“Snowflake Collage” DS
In my online reading, quite unexpectedly, I happened upon a contemporary thought-provoking painting of Christ’s birth: “The Nativity” by Brian Kershisnik. It became obvious from looking that so much of what is happening when we think again of the story is unseen. Another great artist said:
“My aim is always to get hold of the magic of reality and to transfer this reality into painting — to make the invisible visible through reality. It may sound paradoxical, but it is, in fact, reality which forms the mystery of our existence.” Max Beckmann
We rely on the eyes of faith or what has been called the prompting of the Spirit – a feeling perhaps or a knowing that something is true without all the facts. I think again of how my Christmas celebration seems so far from what I would like it to be each year. My habit of direct prayer, however, is always answered. I address the risen Christ, the One who was born, lived, died, rose and now lives again interceding for us at the right hand of the Father (Book of Romans).
As I go about my preparations for the holidays, I pray to this alive Jesus for something wonderful to happen again this year. I pray that He would give me the best gift on His birthday – a paradox this – as the birthday person usually receives all of the gifts. But turning expectations upside down is nothing new for Jesus. I do rejoice in this. It gives me hope for change for those who struggle – and miracles can happen – especially at Christmas. The Creator of the universe came to be with us – Emmanuel. The gladness is real and spreading. It does not depend on me or my attitude.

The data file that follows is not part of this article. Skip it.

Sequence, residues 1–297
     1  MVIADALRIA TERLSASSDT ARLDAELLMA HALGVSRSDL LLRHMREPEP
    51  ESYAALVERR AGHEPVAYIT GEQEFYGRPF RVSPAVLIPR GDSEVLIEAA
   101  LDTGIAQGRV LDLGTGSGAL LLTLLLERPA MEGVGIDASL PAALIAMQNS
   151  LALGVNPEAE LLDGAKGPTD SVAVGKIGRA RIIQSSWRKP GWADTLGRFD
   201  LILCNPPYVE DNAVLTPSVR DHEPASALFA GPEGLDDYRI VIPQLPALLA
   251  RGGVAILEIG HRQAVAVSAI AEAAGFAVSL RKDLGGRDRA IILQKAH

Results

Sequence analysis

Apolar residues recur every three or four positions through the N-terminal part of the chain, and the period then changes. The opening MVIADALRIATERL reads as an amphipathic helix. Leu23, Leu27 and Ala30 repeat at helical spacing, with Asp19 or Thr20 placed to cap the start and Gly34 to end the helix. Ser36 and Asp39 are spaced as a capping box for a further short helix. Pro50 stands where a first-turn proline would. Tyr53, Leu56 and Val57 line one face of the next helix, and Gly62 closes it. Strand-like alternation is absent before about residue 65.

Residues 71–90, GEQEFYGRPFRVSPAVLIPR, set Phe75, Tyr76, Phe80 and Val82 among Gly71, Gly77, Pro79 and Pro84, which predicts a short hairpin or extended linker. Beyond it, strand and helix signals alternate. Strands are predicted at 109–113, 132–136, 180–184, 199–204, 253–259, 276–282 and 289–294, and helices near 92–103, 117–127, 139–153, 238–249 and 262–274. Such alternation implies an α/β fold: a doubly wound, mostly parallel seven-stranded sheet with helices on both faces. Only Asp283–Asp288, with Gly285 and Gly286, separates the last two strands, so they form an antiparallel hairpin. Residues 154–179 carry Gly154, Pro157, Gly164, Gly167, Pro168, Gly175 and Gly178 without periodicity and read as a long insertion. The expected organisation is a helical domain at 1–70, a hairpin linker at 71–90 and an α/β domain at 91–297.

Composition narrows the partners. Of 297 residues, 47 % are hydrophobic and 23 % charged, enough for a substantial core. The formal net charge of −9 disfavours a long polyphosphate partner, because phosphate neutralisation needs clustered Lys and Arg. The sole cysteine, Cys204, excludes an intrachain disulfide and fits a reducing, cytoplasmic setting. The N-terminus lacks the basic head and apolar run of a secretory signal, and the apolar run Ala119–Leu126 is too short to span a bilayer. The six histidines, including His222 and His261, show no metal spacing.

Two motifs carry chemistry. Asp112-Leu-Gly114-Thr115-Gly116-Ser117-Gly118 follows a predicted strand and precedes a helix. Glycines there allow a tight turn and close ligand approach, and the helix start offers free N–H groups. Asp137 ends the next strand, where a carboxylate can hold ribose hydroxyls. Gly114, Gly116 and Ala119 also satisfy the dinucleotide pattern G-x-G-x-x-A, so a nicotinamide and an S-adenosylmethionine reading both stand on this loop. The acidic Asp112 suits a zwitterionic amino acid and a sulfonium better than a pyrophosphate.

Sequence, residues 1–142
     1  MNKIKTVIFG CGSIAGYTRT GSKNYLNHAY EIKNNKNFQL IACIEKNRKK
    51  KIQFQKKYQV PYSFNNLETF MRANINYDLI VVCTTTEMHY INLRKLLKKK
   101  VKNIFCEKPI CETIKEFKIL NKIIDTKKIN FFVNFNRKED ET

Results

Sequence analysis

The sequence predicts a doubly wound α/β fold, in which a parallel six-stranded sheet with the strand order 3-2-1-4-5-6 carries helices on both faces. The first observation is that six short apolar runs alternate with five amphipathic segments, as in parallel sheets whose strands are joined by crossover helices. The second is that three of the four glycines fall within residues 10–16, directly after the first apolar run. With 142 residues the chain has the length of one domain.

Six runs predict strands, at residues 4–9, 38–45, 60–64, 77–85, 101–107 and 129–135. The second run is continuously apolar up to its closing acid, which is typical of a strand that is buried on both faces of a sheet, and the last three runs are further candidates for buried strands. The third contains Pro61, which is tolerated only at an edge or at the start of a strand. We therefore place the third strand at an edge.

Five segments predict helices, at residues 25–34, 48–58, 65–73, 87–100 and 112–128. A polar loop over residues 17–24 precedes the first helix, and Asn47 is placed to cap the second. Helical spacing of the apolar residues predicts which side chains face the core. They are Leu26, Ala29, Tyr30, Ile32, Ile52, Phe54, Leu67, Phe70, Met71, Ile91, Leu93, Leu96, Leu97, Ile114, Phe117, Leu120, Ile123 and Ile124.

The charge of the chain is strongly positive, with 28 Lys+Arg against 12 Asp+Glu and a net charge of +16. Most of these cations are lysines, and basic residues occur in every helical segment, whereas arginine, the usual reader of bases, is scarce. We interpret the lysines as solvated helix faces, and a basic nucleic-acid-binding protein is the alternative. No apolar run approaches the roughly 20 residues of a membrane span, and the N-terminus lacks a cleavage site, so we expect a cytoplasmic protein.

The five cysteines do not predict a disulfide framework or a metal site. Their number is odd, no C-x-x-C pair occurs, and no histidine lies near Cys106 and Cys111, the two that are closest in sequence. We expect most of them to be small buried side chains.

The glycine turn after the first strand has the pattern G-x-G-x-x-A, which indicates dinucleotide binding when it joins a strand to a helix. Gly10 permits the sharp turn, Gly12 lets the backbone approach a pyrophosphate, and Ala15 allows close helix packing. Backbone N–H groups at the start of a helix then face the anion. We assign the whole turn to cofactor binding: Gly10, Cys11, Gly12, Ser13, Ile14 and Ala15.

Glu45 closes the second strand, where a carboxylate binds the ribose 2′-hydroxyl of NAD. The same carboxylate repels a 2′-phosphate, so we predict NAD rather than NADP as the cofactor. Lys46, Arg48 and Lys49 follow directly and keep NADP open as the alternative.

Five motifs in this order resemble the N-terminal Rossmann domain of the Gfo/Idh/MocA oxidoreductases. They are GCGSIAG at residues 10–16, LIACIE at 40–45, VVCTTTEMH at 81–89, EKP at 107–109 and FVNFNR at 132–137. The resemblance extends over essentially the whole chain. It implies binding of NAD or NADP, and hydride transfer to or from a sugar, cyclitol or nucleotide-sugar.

“Nativity” painting by Brian Kershisnik
This Year will be Different
by Ann Weems (1934- )
Who among us does not have dream
that this year will be different?
Who among us does not intend to go
peacefully, leisurely, carefully to word Bethlehem,
for who among us likes to cope with the
commercialism of Christmas
which lures us to tinsel not only the tree
but also our hearts?
Who among us intends to get caught up in a tearing around
And wearing down?
Who among us does not long for:
gifts that give love?
shopping in serenity?
cards and presents sent off early?
long evenings by the fireside with those we love?
(the trimming devoid of any arguing about who’s going to hang
the aroma of cinnamon and nutmeg mingling with the pine
scent of the tree,
and carols gently playing over our idyllic scene)
and the children! The children cheerfully talking about
giving instead of getting?
Who among us does not yearn for
Time for our hearts to ponder the Word of God?
Moments of kneeling and bursts of song?
The peace of quiet calm for our spirit’s journey?
This year we intend to follow the Star
instead of the crowd.
But, of course, we always do
intend the best.
(And sometimes best intentions tend to get the best of us!)
This year, when we find ourselves off the path again
(and we invariably will!),
let’s not add yet another stress to our Advent days,
that of “trying to do Christmas correctly”!
Instead let’s approach the birth of our Lord
with joyful abandon!
And this year
let’s do what Mary did and rejoice in God,
let’s do what Joseph did and listen to our dreams,
let’s do what the Wise Men did and praise and glorify God
for all we’ve seen and heard!
As for the Advent frantic pace, we don’t have time for that.
We’ll be too busy singing!
This year will be different!